57. Where a government has a claim on future project revenue, it can contribute to the financing of a PPP by securitizing that claim. With a typical securitization operation, the government would sell a financial asset—its claim on future project revenue—to an SPV. The SPV would then sell securities backed by this asset to private investors, and use the proceeds to pay the government, which in turn would use them to finance the PPP. Interest and amortization would be paid by the SPV to investors from the government's share of project revenue. Since investors' claim is against the SPV, government involvement in the PPP appears limited. However, the government is in effect financing the PPP, although recording sale proceeds received from the SPV as revenue mask this fact.

F. PPPs and Public Investment

General considerations

58. Well–structured and implemented PPPs25 offer the prospect of sizeable efficiency gains in the construction of infrastructure assets and the provision of infrastructurebased services.26 PPPs have been often praised as a third way between public provision of goods and services and privatization. Substituting private firms for public provision may bring many potential benefits, including saving scarce public funds, relieving strained budgets, and managing and maintaining infrastructure more efficiency. However, key requirements for success in this regard are that: the quality of services be contractible; there be competition or incentive–based regulation; there be adequate risk transfer from the government to the private sector; the institutional framework be characterized by political commitment, good governance, and clear supporting legislation; and the government be able to effectively appraise and prioritize public infrastructure projects, and correctly select those that should be undertaken as PPPs.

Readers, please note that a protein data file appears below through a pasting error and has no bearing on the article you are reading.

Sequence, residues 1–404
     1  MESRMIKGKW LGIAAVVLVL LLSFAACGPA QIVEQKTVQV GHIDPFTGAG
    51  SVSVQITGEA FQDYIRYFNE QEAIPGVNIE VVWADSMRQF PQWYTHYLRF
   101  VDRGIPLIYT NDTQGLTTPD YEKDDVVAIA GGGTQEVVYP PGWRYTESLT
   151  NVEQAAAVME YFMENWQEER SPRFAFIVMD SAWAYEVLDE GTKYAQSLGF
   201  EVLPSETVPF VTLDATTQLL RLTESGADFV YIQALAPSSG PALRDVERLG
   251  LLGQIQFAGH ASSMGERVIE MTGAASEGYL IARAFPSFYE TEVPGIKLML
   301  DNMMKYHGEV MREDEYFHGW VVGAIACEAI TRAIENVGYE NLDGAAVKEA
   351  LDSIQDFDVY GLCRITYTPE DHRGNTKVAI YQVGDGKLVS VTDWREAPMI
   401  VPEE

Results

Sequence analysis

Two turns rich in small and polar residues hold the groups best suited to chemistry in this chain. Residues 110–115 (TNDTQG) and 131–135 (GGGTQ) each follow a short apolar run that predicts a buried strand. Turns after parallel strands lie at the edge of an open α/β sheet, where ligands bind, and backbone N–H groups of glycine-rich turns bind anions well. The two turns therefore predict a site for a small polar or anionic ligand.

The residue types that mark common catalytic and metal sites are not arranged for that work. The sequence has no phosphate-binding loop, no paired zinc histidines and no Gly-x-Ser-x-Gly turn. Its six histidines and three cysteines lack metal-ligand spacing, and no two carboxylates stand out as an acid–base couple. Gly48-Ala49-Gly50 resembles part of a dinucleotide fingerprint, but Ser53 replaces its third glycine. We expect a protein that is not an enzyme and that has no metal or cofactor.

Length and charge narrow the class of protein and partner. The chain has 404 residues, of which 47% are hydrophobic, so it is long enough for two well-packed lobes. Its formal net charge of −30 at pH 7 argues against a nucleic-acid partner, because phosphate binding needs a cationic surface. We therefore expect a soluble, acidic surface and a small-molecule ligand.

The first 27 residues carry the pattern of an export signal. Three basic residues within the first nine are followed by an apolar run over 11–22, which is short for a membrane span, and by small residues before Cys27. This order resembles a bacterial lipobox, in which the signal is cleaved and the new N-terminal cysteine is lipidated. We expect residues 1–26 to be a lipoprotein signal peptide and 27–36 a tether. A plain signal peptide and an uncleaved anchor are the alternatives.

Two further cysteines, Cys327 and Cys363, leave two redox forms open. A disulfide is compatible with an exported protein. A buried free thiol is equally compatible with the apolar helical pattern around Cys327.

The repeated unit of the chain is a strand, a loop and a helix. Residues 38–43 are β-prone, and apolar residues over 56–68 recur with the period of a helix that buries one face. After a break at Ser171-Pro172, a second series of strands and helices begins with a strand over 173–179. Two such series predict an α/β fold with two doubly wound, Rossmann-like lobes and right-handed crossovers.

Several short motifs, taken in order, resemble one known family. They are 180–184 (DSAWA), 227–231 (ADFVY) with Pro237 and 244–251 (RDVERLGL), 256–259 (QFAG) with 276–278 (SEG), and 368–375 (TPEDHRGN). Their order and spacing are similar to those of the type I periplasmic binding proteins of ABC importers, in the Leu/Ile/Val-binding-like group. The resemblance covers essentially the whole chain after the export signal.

59. While PPPs can ease fiscal constraints on infrastructure investment, they can also be used to bypass spending controls, and to move public investment off budget and debt off the government balance sheet. If this is the case, the government can be left bearing most of the risk involved in PPPs and facing potentially large fiscal costs over the medium to long term.

60. From a microeconomic perspective, PPPs have also been associated with a high incidence of contract renegotiations leading to many undesirable consequences. The biggest problem with PPPs has been the high incidence of contract renegotiations shortly after their award. While, in principle, renegotiation can be a positive instrument when it addresses the inherently incomplete nature of concession contracts, it has also undermined the competitive auction allocation process, consumer welfare, and sector performance. In some countries, renegotiation practices have increased public opposition to private participation in infrastructure and compromised the credibility of the desired structural reform program in infrastructure.

Country experiences with PPPs and concessions